For disabled and older people, journeys need to be seamless – with no failures in access from origin to destination. Because the public transport environment, including walking and cycling modes, is not accessible, the use of private cars remains essential to social inclusion. Consequently, social goals re- lating to private car use in relation to health, environment and land-use will be harder to achieve. Greater attention needs to be paid to the detail of the “journey chain” with access consistently provided through- out, making for seamless journeys. This attention needs to be paid in all aspects of transport planning as well as delivery, including in the appraisal process. In transport projects appraisal, the costs of providing access are monetized, but not the benefits. The author undertook an experiment to value the benefits of step-free access for everyone and found significant economic benefit that enhanced the benefit:cost ratio. Until the benefits of accessible transport are properly considered for everybody across the whole planning process including appraisal, providing access will continue to be an uphill struggle and access throughout the journey chain will remain hit and miss.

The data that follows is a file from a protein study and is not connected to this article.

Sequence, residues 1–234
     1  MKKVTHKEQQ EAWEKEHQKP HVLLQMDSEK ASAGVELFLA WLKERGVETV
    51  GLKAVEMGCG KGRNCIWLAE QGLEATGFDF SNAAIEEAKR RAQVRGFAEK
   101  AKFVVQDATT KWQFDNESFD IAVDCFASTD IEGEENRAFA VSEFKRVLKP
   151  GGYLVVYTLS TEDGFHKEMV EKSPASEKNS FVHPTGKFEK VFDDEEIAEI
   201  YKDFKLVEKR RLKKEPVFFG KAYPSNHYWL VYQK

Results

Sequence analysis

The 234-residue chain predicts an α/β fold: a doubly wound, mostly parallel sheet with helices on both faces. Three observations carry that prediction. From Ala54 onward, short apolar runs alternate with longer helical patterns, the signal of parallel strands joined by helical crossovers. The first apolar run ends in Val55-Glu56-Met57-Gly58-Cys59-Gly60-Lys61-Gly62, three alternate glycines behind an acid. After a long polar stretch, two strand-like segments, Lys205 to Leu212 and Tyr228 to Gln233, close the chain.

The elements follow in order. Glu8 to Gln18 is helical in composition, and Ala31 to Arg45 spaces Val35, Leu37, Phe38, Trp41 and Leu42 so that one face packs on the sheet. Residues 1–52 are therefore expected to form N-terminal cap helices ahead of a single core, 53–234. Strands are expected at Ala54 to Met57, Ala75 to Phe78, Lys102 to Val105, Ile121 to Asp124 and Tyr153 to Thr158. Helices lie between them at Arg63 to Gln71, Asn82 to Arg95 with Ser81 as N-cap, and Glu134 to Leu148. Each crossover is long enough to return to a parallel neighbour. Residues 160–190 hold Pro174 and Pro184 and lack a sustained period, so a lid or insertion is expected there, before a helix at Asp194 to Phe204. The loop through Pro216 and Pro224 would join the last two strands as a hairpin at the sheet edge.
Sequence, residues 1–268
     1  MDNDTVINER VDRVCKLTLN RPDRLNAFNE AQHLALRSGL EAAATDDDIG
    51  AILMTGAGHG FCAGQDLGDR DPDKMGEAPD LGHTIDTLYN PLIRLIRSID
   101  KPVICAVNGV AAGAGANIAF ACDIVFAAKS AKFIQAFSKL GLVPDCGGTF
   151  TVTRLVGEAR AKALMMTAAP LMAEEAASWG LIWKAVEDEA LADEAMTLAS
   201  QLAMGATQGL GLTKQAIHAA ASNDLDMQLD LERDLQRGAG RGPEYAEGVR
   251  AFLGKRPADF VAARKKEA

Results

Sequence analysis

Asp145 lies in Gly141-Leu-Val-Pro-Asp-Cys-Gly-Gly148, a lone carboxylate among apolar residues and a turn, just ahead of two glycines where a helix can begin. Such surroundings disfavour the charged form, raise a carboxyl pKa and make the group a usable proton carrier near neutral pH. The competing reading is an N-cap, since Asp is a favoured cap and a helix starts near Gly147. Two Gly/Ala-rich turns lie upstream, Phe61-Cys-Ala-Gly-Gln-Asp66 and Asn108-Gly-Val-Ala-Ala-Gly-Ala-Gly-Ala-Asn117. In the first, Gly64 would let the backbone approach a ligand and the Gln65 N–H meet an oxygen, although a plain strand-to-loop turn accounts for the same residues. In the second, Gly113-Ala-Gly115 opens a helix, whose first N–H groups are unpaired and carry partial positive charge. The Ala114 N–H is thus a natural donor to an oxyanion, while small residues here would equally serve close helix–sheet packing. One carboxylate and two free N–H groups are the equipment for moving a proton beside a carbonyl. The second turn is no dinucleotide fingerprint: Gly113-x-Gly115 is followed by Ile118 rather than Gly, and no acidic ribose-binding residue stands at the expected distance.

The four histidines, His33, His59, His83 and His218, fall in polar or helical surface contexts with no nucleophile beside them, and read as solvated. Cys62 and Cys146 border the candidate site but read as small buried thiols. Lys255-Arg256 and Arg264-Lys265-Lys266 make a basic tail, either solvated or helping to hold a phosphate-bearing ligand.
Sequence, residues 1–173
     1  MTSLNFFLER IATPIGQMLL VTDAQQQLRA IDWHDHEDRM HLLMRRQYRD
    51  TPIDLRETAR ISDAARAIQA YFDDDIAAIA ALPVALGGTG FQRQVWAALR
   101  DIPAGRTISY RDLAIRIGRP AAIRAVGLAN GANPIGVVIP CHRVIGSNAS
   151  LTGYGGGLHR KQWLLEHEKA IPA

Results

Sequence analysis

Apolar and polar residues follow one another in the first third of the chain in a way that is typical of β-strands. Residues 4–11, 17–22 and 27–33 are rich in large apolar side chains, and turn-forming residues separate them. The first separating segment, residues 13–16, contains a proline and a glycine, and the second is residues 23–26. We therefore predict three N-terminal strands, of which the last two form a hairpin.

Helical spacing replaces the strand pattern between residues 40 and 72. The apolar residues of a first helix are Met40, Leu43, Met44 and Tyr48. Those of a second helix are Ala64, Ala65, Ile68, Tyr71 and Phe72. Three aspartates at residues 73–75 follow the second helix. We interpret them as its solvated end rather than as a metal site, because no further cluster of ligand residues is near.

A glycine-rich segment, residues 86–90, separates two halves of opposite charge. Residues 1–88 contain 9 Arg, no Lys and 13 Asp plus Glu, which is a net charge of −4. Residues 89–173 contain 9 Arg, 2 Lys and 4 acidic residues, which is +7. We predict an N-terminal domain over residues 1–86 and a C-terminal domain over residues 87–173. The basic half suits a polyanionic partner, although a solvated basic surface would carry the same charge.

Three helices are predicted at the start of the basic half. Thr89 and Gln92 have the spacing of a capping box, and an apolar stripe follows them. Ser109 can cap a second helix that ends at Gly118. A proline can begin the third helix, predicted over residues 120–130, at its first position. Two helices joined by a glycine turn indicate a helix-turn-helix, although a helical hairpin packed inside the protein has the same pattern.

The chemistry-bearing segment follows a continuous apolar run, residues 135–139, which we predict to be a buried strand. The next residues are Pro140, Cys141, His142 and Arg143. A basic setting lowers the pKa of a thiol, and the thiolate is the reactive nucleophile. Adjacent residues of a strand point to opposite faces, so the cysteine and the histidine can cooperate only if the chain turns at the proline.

Can measuring the benefits of accessible transport enable a seamless journey?.
Journal of Transport and Land Use.
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